Indian pharmaceutical industry, which grew 12 percent in February on the back of healthy sales growth in the respiratory (17.9%), anti-infective (14.1%) and cardiac (13.3%) therapy segments seems to be well geared to manage the novel coronavirus (COVID-19) infection crisis.
The inventory level of the industry is marginally down, but warrants no crisis at the moment. Market intelligence entity AIOCD Pharmasofttech AWACS Pvt. Ltd points out that at the industry level, inventories in February went down by just two days as compared to January. Though the inventory level is down by eight days, as compared to the same period the previous year, there are sufficient stocks for more than a month for every therapeutic category.
The agency's monthly Tru Stock data says the anti-infectives had 45 days inventory in the trade channels in February. Even for anti-diabetic medicines, there are enough stocks for the next 34 days, AWACS data shows.
"As far as supply is concerned, we are monitoring the situation closely. At the moment we have two and a half months to three months of inventory of APIs (raw materials. If you are talking about formulation (stocks) and (trade) channel supplies, we are covered till May end or June. We have assured the government that there will be no shortage of supply of medicines", Sudarshan Jain secretary general, Indian Pharmaceutical Alliance (IPA) says.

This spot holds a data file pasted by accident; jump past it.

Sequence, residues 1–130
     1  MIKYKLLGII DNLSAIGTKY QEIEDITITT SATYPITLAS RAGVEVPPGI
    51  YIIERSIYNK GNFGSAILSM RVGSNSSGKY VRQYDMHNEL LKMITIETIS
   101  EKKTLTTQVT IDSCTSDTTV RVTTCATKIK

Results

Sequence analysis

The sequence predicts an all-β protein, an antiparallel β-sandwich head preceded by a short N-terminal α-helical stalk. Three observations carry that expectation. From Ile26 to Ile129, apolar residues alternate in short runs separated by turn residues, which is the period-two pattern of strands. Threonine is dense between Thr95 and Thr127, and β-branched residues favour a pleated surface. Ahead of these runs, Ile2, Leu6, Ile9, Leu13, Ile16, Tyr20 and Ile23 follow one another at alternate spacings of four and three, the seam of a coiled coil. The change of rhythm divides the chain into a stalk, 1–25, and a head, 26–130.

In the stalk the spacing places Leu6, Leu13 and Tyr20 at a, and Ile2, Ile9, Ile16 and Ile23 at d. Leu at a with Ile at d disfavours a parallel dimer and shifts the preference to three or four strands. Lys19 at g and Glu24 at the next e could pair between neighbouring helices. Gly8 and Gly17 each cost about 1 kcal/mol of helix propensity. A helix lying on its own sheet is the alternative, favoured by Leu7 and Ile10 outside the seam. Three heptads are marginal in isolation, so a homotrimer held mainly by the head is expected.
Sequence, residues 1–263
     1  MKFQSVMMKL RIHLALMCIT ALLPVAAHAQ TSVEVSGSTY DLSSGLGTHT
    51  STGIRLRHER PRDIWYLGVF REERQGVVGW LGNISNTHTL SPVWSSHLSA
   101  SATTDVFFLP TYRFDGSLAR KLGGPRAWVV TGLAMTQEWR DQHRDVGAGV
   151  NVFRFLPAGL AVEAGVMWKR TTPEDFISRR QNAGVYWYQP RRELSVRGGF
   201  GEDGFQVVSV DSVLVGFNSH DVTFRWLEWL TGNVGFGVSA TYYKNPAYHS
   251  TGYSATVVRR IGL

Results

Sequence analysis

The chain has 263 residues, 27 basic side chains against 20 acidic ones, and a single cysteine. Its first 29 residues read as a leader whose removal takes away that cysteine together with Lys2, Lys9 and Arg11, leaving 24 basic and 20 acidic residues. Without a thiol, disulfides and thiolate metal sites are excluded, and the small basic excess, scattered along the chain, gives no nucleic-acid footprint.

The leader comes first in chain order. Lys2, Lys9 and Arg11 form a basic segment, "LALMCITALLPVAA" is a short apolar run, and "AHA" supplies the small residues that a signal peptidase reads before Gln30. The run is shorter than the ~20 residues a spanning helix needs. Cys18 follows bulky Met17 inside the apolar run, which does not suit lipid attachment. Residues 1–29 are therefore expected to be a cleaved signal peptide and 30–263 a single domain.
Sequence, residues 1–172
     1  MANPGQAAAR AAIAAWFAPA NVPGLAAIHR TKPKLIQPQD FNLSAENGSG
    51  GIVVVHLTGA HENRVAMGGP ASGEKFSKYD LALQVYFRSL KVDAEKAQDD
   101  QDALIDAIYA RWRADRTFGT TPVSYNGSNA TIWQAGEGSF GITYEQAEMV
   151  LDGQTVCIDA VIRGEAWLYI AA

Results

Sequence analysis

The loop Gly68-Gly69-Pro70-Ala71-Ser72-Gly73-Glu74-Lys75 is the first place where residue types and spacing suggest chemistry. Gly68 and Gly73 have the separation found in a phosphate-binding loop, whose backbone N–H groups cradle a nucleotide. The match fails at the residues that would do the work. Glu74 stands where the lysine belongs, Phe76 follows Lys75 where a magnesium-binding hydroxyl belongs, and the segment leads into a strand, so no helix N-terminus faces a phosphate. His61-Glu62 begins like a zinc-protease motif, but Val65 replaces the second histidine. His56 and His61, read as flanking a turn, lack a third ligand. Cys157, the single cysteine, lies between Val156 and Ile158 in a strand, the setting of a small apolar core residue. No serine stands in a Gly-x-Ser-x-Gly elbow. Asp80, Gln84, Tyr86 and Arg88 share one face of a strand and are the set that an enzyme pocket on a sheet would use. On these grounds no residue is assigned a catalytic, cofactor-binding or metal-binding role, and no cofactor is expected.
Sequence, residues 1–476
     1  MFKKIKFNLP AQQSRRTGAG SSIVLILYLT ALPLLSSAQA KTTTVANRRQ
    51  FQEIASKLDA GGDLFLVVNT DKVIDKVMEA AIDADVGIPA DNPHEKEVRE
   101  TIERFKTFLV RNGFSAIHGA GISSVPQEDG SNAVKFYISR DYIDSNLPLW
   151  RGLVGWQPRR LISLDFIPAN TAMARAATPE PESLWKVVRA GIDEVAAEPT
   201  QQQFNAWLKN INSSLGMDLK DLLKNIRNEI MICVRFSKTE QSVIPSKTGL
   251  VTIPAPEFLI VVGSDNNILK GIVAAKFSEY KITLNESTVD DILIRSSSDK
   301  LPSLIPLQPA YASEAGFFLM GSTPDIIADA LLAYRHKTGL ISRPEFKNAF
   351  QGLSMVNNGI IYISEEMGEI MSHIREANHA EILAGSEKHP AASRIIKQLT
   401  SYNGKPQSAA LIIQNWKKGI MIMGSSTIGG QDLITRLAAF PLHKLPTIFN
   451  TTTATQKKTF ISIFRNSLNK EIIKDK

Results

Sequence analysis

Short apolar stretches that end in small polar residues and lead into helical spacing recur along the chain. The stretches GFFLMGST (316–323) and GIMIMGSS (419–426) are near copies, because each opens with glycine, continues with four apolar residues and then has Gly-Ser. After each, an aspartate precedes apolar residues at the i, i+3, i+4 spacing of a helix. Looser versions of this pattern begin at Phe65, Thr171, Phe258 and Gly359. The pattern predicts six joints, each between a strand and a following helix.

The industry association also ruled out the possibility of large scale price increase at the consumer level. "The prices of finished products cannot increase in the domestic market as we are governed by the price control order. Even if the input costs go up, we cannot pass it on to the customer", Sudarshan said.
The industry also said the export restrictions imposed by the government is not impacting pharmaceutical exports in a big way. Sudarshan said the industry is growing at the same pace, without any COVID-19 led spurt or slowdown.
"There were some issues of hoarding of masks and some other products, but the government is taking measures to ensure that is not happening. Similarly, the prices went up for some products which are dependent on China for raw materials. It is slowly coming under control, though not fully under control, but from a patients' point of view, it does not make any difference", Sudarshan said.
He added that the Chinese raw material supplies have resumed in a limited way. "The factories have started working, but there is still the logistics challenge, to get the product from the factory to the port or the airports. We have started getting the supplies but it is not coming at the full pace", he said.
IPA member companies account for 57 percent of domestic sales and 80 percent of export of pharmaceuticals from India.